Down to Earth: An Unfiltered Perspective from a Candid Vintner

By | 27 May 2024

A vintner’s memoir should be compulsory reading for anyone considering a career as a winemaker.


Raymond Blake

Raymond Blake reviews Climbing the Vines in Burgundy: How an American Came to Own a Legendary Vineyard in France by Alex Gambal.

Gambal looks like he’s suffering from a week’s jet lag. A sense of relief rather than outright happiness escapes the fog of weariness—victory has been snatched from the jaws of defeat. Harvest for him consisted of an epic, all-hands-to-the-pumps race against time as he battled to get as many grapes as possible into the winery before the rain. It has been a tough couple of days, but the effort has been worth it.”

I penned my insights about the 2010 harvest in Burgundy shortly after visiting Alex Gambal’s winery in Beaune. This was during my trip there on September 25 that same year. He had set foot on the famous Côte d’Or in 1993, as a novice with a dream of making his wine. Fast forward to today, and his name is synonymous with the Burgundy legacy, and a reputation of creating fruity wines with a chic taste.

Now, after three decades, Alex Gambal’s journey has come to an end. Maison Alex Gambal is held by Boisset, albeit with a level of self-governance. This pattern remains consistent with the other names Boisset has taken under its wing. Gambal has come back to his homeland, the United States. For this author’s joy, he has written his story, one that serves as a stern warning for any prospective winemakers, filled with brutal honesty. This tale should be mandatory reading in wine schools around the world, and for anyone who dreams of owning a winery if they hit the jackpot, this should be the first book they pick up. This book should shatter any rose-coloured glasses one might wear when contemplating the wine industry. If I may exaggerate a bit, I’d suggest this book should have a clear warning on its cover: “Read this before you join the wine industry.”

Making worthy wine year after year, regardless of the unpredictability of weather, from the planting of the vineyard to the bottling of the final product, is indeed a task. Yet, that is only half of the challenge. The other half comprises of something most overlook: the fact that the wine won’t sell itself. Gambal calls attention to the harsh reality of the sales aspect in his book with an underlying air of prudence.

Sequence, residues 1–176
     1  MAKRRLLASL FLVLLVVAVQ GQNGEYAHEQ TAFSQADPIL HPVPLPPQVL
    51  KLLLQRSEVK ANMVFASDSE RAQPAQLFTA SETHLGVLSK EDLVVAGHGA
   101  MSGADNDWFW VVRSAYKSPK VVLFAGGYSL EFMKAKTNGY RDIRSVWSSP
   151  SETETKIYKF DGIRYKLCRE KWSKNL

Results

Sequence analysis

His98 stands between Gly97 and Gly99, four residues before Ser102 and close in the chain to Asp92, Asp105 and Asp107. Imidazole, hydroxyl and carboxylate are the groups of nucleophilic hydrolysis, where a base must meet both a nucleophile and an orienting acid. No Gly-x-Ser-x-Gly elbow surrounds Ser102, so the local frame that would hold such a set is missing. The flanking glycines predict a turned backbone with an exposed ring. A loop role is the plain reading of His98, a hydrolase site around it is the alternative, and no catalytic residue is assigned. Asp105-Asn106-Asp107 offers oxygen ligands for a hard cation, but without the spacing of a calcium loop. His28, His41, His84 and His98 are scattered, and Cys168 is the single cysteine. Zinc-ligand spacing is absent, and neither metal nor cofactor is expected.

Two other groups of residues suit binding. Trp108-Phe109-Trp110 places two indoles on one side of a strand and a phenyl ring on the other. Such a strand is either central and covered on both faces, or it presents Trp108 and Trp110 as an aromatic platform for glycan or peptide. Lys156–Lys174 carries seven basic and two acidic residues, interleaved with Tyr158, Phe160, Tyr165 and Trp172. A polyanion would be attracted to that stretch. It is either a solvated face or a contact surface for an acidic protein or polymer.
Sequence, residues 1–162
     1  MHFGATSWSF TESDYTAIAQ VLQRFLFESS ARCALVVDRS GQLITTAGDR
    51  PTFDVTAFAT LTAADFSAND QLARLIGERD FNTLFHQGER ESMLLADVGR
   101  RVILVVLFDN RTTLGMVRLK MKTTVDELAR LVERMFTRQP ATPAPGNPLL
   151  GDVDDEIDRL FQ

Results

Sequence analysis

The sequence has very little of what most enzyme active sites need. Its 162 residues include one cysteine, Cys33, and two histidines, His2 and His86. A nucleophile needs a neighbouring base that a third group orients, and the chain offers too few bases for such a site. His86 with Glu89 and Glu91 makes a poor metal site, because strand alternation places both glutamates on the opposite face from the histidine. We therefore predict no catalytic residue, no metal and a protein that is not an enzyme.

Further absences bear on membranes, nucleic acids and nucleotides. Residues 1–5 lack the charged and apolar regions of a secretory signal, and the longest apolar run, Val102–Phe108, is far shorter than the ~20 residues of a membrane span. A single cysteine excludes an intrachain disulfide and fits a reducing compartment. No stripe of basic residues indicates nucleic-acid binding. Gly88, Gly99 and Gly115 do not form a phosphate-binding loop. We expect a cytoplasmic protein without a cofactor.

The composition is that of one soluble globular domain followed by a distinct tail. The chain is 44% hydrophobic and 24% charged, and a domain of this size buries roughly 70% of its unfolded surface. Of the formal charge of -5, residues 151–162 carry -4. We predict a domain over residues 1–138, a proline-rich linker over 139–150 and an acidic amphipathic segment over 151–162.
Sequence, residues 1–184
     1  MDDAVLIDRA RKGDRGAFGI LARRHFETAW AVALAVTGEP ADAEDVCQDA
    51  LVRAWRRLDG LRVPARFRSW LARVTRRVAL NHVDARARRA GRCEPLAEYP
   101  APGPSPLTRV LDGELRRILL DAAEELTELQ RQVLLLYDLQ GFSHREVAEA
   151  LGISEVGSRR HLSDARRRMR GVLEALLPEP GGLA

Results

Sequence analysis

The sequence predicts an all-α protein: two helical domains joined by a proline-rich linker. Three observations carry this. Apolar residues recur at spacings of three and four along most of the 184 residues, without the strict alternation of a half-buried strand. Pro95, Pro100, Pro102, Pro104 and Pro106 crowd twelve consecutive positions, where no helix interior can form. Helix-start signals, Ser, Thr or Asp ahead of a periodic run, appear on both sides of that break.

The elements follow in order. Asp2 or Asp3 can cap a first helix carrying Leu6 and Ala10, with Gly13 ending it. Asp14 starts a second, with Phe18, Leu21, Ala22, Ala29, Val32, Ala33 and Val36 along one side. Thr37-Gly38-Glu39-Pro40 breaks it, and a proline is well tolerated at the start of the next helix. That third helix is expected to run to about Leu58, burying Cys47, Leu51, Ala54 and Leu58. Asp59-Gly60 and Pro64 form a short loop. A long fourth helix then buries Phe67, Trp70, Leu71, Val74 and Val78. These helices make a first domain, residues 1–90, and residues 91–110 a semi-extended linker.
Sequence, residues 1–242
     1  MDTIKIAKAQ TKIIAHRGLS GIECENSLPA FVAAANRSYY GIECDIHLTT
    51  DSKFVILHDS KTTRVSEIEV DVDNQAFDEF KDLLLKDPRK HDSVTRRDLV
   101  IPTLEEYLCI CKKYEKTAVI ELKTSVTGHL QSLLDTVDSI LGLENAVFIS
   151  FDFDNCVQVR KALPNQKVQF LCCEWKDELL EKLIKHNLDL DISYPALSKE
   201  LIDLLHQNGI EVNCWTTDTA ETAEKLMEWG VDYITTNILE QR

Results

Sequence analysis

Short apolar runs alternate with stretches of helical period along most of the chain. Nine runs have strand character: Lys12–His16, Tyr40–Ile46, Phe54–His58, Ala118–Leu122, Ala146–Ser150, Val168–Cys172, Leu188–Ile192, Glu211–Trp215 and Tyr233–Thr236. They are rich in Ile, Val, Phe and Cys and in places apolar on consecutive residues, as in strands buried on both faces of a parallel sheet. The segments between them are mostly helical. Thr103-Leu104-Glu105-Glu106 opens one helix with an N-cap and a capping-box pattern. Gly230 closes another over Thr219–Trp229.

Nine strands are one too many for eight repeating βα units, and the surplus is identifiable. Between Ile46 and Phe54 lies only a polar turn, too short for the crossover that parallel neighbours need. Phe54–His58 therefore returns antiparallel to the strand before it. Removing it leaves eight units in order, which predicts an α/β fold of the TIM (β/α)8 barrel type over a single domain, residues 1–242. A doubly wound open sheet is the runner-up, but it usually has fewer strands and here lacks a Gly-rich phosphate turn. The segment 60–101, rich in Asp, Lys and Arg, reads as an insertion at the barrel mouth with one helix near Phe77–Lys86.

Delving into this book, one is immediately drawn into the unvarnished truths it illuminates. Particularly noteworthy are chapters 22 and 23 which delve deep into the complex and winding legal pathways involved in buying coveted vineyard land in Burgundy’s Côte d’Or. The chapters provide an enlightening, yet somewhat exhausting, read filled with interesting facts and insights.

In a shift of tone, Chapter 26 recounts the dark April morning in 2016 when a severe frost, amplified by the morning sun, obliterated the vine buds. The vineyards sheltered under cloud cover were fortunate enough to be saved from overwhelming damage. The novel solution to this repetitive threat was implemented by the local grower associations in 2017 in the form of burning large hay bales to create a smoky cloud providing the required shield.

Despite the gripping chronicles, the book falls short due to multiple typographical errors and redundant sentences. The fascinating story of Climbing the Vines deserves a better drafting, to be polished by the critical eye of an experienced editor. As with Henry Goulding’s Thoughts on a Wine Cellar (WFW 78), I found it would benefit from the careful attentions of the Académie du Vin, which is now the largest wine-book publisher in the world. They should work on improving the quality of images and including an index.

Although Climbing the Vines can be verbose at places, it is evident that Gambal is pouring his heart out onto the pages. A life beautifully encapsulated within these chapters, the narrative is intriguing and devoid of any attempt to sugarcoat the reality. Hear it from a man who has not just learned about it, but experienced it firsthand. Essential reading for anyone considering a career in the wine business.

Climbing the Vines in Burgundy: How an American Came to Own a Legendary Vineyard in France

by Alex Gambal

Published by Hamilton Books (imprint of the Rowman & Littlefield Publishing Group)253 pages; €27.49

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